Law on seizure of vehicles ‘disproportionately affects’ low-income South Australians, says law expert

Written by Javed Iqbal

Disadvantaged vehicle owners are forced to choose between paying a fee to release their seized cars or to cover legal costs – even if they have a genuine defense against their charge, says the Law Society of South Australia.

SA Police revealed that 822 seized vehicles were destroyed or sold since rules aimed at dangerous motorists were introduced on July 1 last year.

Legislation required alleged offenders to pay up to $ 1,395.50 to release their seized vehicle, otherwise it could be destroyed or sold after 38 days.

Between July 1 last year and June 20, 520 vehicles were crushed for scrap metal, while 302 were auctioned off.

During the same period, 635 vehicles were released due to difficulties.

The alleged offenses ranged from driving in an unregistered vehicle to drink driving, among incidents or dangerous driving.

Not everyone can afford release fees

That The Law Society of SA has previously criticized the new ruleswith its president Justin Stewart-Rattray warning that vehicles seized and potentially destroyed before a person was found guilty would “disproportionately affect less affluent South Australians”.

“Society is aware of cases involving drivers who are facing the destruction of their vehicle, who have potentially had a genuine defense to their charge, but who have not been able to pay the seizure fee required to release their car, and who also can not afford legal representation, “he said.

“And because most of the offenses that could result in car forfeiture are not covered by legal aid, the drivers in these cases have no legal access to challenge a charge.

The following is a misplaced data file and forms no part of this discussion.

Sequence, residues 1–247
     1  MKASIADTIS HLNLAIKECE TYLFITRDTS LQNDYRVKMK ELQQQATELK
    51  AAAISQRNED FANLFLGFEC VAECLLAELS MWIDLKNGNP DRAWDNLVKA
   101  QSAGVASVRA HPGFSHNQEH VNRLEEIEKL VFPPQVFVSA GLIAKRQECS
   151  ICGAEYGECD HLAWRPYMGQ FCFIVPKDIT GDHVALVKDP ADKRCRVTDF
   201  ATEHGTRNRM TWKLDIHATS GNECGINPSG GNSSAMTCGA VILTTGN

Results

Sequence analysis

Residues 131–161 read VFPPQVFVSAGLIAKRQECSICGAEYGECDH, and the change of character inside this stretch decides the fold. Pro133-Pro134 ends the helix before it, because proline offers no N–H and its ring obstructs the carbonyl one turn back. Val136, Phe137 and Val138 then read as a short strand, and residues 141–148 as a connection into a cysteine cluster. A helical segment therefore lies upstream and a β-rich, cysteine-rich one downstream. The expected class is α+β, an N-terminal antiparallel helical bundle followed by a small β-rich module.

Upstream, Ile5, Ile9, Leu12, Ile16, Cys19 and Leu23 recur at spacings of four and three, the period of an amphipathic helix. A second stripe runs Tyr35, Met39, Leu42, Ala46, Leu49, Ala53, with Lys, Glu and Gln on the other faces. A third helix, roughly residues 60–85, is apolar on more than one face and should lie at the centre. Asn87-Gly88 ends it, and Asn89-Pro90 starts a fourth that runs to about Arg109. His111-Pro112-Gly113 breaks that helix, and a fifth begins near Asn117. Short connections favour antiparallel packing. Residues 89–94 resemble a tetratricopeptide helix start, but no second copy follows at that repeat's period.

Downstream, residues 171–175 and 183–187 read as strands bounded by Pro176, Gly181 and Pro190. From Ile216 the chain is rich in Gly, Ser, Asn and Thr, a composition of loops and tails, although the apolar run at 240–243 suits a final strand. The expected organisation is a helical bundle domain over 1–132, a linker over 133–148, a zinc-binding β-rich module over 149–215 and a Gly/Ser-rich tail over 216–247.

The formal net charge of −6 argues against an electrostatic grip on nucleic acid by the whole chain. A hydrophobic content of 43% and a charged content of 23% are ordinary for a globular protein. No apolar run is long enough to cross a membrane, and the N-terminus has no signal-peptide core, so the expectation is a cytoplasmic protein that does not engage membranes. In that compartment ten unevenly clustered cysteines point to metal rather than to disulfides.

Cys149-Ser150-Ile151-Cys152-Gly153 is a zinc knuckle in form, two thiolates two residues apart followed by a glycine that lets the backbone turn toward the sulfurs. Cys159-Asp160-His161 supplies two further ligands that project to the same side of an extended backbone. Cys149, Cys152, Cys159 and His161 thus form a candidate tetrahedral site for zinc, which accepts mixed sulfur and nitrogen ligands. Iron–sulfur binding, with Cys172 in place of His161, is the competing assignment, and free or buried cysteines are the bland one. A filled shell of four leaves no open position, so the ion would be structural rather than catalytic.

“Now that the car seizure scheme has been in place for almost 12 months and we are starting to see lawsuits where the evidence against defendants is being tested, it is likely that there will be cases where people get their charges dismissed or withdrawn, which may then lead people to seek compensation for their own expenses as a result of their car being seized. “

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A car that burned out on the north-south corridor was caught on camera.(Youtube: SAPOL)

A spokesman for SA police said they could not comment on court results if anyone connected with the seized vehicles.

But they said a refund will be paid if a case is adjourned, withdrawn or a person is found not guilty by the court.

The Law Society of SA calls for vehicle release fees to be paid on conviction and for re-payment plans to be reinstated.

“Clearly, those who will find it difficult to pay for the substantial release fee and can not afford to contest a charge, even if they have a legitimate defense, will be far worse off than those who can comfortably pay for, that their vehicle will be released, “he said.

“This is exacerbated by the fact that there are no payment plan options for low-income earners, which only serves to anchor disadvantages, although society notes that the police commissioner has the discretion to waive seizure charges in the event of severe financial difficulties.”

Rules aimed at reckless driving: Minister

Police figures show that 23 out of 37 lost lives on SA roads this year were due to speeding or dangerous driving.

Police and Road Safety Minister Joe Szakacs said the state toll was a stark reminder that dangerous driving was not an innocent act.

“The government will continue to seek advice from SA police on the laws to ensure they are properly implemented – including the forfeiture, sale and smashing of vehicles.”

The Law Society of SA said it supported measures to deter dangerous driving, but questioned whether the car seizure scheme was the most effective model, as several offenses under the scheme do not relate to rough driving.

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Javed Iqbal

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